An address, written by Mr. Clerc: and read by his request at a public examination of the pupils in the Connecticut Asylum before the governour and both houses of the legislature, 28th May, 1818

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Hudson and Co., 1818 - Deaf - 14 pages
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Page 10 - Colleges, and asking them the time required to put a pupil in a state to understand fully the Greek and Latin authors, and to write their thoughts in either of these languages, so as to make them understood by those who would speak these languages, then you would agree with me that the Greek or Latin would not be more difficult to be taught to the Deaf and Dumb, than the English; and yet to teach the Greek and Latin in colleges, the professors and pupils have, for a means of comparison, a language...
Page 3 - A lady, whose name I do not recollect, lived in Paris, and had among her children two daughters, both deaf and -dumb. The Father Famin, one of the members of the society of Christian Doctrine, was acquainted with the family, and attempted, without method, to supply in those unfortunate persons the want of hearing and speech ; but was surprised by a premature death, before he could attain any degree of success. The two sisters, as well as their mother, were inconsolable at that loss, when by divine...
Page 10 - This career is that which a man, gifted with all his senses, and who is to be instructed, ought alike to run. The arts and sciences belong to the class of physical or intellectual objects; and the deaf and dumb, like men gifted with all their senses, may penetrate them according to the degree of intelligence which nature has granted them, as soon as they have reached the degree of instruction which Mr. Sicard's system of teaching embraces and affords. Now, ladies and gentlemen, if you will take the...
Page 7 - ... following the uninterrupted line from the known to the unknown. It was thus that he succeeded in making them comprehend the language of the country in which he instructed them. This natural method is applicable to all languages. It proceeds by the surest and shortest way, and may be applied to all the channels of communication between one man and another. It is by this method that Mr. Sicard has brought the deaf and dumb to the knowledge of all the kinds of words, of which a language is composed,...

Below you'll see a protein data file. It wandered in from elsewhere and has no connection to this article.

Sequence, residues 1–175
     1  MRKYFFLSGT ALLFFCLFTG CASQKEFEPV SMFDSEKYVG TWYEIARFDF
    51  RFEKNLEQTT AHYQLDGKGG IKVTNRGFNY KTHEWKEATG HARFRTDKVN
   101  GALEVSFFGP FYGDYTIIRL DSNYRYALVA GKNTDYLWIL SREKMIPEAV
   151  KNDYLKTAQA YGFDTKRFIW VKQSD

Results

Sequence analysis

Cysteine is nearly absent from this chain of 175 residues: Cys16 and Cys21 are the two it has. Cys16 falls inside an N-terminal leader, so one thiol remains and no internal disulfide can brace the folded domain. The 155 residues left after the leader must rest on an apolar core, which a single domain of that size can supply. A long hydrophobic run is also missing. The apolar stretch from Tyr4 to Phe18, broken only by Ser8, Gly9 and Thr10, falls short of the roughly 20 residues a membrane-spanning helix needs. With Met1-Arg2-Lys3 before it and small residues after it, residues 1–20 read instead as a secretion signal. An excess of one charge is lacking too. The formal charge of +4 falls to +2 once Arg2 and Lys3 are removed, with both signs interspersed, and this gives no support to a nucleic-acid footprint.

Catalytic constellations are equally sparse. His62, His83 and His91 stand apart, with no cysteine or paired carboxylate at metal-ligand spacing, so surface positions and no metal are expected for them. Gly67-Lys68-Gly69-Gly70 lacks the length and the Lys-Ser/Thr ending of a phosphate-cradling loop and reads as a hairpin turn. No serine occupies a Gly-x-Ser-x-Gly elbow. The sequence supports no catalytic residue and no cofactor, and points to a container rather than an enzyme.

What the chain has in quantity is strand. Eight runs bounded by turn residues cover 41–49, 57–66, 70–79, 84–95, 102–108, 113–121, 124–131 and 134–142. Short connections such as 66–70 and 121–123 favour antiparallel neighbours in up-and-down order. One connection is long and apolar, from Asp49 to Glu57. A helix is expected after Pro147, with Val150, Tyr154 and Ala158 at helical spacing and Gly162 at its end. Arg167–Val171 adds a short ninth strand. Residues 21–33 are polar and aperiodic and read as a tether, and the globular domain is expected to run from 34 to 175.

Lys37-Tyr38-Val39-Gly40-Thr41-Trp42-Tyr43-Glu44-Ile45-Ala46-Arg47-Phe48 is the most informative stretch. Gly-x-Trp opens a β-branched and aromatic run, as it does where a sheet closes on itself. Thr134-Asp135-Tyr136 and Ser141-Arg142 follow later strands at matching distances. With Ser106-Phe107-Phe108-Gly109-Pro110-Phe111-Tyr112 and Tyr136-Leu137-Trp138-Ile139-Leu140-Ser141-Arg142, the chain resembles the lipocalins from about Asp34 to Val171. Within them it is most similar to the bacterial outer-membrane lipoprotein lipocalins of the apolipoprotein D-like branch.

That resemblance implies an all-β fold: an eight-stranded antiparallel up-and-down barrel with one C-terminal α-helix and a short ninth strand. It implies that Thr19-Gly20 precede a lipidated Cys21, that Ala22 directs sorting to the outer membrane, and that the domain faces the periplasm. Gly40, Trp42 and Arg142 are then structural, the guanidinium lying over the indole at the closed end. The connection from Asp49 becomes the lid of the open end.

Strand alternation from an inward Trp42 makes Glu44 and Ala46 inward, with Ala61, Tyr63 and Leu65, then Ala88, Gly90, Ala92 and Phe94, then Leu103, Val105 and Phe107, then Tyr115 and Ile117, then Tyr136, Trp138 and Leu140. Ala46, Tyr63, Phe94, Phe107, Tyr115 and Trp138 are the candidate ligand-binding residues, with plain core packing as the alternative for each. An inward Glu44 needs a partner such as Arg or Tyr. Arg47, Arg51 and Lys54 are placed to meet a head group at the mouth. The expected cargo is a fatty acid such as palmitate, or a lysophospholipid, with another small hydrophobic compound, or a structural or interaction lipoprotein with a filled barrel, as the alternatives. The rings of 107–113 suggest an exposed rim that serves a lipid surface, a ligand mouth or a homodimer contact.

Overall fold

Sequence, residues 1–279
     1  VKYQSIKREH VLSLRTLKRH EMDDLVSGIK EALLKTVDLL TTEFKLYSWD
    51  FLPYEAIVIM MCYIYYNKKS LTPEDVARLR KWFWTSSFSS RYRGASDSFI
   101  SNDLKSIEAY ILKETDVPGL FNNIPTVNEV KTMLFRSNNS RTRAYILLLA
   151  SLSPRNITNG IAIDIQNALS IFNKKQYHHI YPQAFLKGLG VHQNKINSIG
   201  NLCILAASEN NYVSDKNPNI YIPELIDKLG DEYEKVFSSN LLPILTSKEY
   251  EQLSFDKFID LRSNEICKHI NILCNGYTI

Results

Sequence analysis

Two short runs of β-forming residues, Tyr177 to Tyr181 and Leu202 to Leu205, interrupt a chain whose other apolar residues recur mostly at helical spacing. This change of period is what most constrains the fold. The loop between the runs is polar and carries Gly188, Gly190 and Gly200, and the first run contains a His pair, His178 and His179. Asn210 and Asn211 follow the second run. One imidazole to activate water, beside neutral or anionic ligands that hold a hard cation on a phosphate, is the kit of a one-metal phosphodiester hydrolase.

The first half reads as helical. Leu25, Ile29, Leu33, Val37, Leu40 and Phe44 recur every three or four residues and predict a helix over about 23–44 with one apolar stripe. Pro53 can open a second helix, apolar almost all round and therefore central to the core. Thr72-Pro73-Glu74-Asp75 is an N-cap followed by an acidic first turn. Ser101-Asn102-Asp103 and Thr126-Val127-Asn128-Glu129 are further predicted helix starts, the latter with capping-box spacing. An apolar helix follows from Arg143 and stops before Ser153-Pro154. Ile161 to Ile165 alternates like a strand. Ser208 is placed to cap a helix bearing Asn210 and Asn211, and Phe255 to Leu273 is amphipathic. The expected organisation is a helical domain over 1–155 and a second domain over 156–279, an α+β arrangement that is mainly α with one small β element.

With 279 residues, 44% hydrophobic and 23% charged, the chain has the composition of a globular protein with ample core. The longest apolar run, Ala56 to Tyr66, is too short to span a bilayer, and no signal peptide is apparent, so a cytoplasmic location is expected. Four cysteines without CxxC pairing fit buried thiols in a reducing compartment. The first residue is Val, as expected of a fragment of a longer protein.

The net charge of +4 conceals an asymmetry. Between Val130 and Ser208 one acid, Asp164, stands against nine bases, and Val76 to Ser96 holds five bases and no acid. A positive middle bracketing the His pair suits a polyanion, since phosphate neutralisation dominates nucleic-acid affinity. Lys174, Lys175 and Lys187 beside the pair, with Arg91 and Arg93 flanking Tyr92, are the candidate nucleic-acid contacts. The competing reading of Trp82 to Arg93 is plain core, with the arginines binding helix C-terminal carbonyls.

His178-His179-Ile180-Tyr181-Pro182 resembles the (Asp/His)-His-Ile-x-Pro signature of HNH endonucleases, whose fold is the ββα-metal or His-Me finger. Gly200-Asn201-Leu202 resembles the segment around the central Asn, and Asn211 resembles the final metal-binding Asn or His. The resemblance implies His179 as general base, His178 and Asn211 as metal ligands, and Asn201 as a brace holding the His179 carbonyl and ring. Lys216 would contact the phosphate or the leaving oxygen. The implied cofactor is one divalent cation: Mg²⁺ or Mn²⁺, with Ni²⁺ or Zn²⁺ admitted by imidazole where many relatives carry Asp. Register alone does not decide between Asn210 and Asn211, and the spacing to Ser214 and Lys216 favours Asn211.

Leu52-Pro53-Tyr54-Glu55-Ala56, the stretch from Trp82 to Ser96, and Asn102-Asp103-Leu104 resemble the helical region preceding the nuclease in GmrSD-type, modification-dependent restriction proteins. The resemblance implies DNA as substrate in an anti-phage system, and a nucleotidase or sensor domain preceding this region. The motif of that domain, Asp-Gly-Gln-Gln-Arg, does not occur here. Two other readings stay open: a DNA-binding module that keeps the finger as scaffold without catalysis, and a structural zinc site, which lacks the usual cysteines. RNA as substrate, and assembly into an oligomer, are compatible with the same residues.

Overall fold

Page 4 - Was abroad, and while he wai waiting for her, he wished to enter into conversation with the young ladies ; but their eyes remained fixed on their needle, and they gave no answer. In vain did he renew his questions, in vain did he redouble the sound of his voice, they were still silent, and durst hardly raise their heads to look at him. He did not know that those whom he thus addressed, were doomed by nature never to hear or speak. He already began to think them impolite and uncivil, and rose to go...
Page 5 - I have seen one or two (leaf and dumb fathers, some of whose children are deaf and dumb like themselves. Will this prove that the Americans are worse than Europeans ? By no means. It is the result of natural causes, which I shall explain hereafter.) Many others of the Deaf and Dumb are the instructors of their companions of misfortune. Many others are employed in the offices of government and other public administrations. Many others are good painters, sculptors, engravers, workers in Mosaic, while...
Page 4 - L'Epee, formerly belonging to the above mentioned society, had an opportunity of calling at their house. The mother was abroad, and while he was waiting for her, he wished to enter into conversation with the young ladies; but their eyes remained fixed on their needle, and they gave no answer. In vain did he renew his questions, in vain did he redouble the sound of his voice; they were still silent, and durst hardly raise their heads to look at him.
Page 9 - ... the regularity of the march of the sun and all the celestial bodies ; the constant succession of day and night ; the return of the seasons ; the life, the riches and the beauty of nature ; made them feel that nature also had a soul, of which the power, the action, and the immensity, extend through every thing existing in the universe ja soul which creates all, inspires all, and preserves all.
Page 3 - LADIES AND GENTLEMEN, THE kind concern which you were pleased to take in our public exhibition of last year, and the wish which you have had the goodness to express, to see it renewed, have induced me to comply with the request of the Directors of the Asylum, to deliver this address. I at first intended to write two or three...
Page 4 - Abb6 sympathized with her on the affliction and withdrew, full of the thought of taking the place of Father Famin. The first conception of a great man is usually a fruitful germ. Well acquainted with the Fr.ench grammar, he knew that every language was a collection of signs, as a series of drawings is...

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